The question was actually asked by Representative Eric Massa, who sounds like one of Harriet Beecher Stowe's characters, but who is in fact the congressman for New York's 29th, up there in the burned-over district by Canada somewhere.

Massa was striving to come up with another reason for his recent resignation, to add to the fifteen or so he'd already offered us. The administration, he said, in the unclad person of Rahm Emanuel, had forced him out on account of his lack of enthusiasm for the healthcare bill.

This was after he'd told us that he'd resigned because of an ethics investigation into whether or not he'd made a pass at a male staffer, which in turn came after the explanation that he was resigning for health reasons, which in its turn followed a story about a gypsy telling him he should never run for re-election in a year divisible by 67.

The only real point of interest here to the universe outside Eric Massa's head is, whether he in fact made a pass at a male staffer, and whether anybody should care in an age when in-sufficient enthusiasm for celebrating gayness can get you fired.As far as I can judge, Massa's guilty of nothing more than some salty language and horseplay at a party.

Possibly the language went beyond salty. The congressman, who served 24 years in the Navy, tells us that, quote:

I did in fact, use language in the privacy of my own home and in my inner office that … might make a Chief Petty Officer feel uncomfortable.

End quote.

From what I understand about Chief Petty Officers, that could be way beyond salty. Even so, it's a sad measure of the girlification of our society that a few cuss words and a little horseplay can get a congressman in front of the ethics committee.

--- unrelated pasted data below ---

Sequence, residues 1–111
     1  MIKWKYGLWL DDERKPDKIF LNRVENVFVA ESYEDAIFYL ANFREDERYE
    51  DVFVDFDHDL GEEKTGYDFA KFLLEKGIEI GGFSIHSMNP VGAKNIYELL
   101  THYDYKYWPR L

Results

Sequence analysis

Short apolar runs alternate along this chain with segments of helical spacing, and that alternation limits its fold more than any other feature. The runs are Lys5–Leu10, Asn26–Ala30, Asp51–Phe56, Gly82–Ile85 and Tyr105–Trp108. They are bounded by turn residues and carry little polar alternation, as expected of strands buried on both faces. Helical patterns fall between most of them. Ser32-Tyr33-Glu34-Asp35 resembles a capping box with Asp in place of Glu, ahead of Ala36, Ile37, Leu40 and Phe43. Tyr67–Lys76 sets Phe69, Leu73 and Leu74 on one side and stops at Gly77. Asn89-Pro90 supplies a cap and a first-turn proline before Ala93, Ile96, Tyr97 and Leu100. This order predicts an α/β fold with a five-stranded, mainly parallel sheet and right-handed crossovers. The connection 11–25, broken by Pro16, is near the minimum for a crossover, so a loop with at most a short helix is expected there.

Next thing you know, they'll be taking the spittoons away from the House chamber.


04 — Good old Charlie Rangel.     If giving noogies to staffers is a firing offense, what is it when a congresscritter fails to report income, engages in sleazy real-estate deals, and makes pee-pee all over the rules for using congressional facilities? And whatever it is for the ordinary run of congressmen, what is it when the congressman in question is chairman of the Ways and Means committee, charged with overseeing the writing of tax rules for the nation?

Well, what it is, is, dear old Charlie Rangel poking a finger in the eye of The Man.

However, with congressional approval ratings so far underwater they're holding caucus meetings in the grand ballroom of the S.S. Titanic, dear old Charlie had to go.

Dear old Charlie! — you can't find anyone with a bad word for dear old Charlie. Hardscrabble Jim Crow era childhood, valiant service to his country in the Korean War, schmoozer and accommodator, gentrifier of Harlem, everyone's friend, every political talk show host's favorite guest, dear old Charlie has been coasting along on a warm tide of general public affection for forty years, while quietly fortifying the tax-and-spend culture of his city, state, and country, boosting liberal causes, playing the racial guilt hustle for all he was worth, and making sure, by means legal and otherwise, that what he was worth increased by leaps and bounds, year after year. Dear old Charlie.

Everyone has his purpose in the grand scheme of things, though. Now that Ted Kennedy's left us, we still at least have Dear old Charlie to remind us of the need for term limits on all politicians, not just the President.


05 — Politics equals wealth.     Forbes magazine has published its list of America's 25 richest counties. Top of the list: Loudon County, Virginia.

Where's that, exactly? Why, it's just northwest of Washington D.C. — a dormitory suburb of our nation's capital, in fact. Pretty much everyone in Loudon works for the government. Median annual family income: $110,643. Yep, things are pretty good in Loudon County.

Quote from Forbes:

Jobs in Loudon have grown four percent between the second quarter of 2007 and the second quarter of 2009, according to the Bureau of Labor Statistics.

End quote.

Recession? What recession?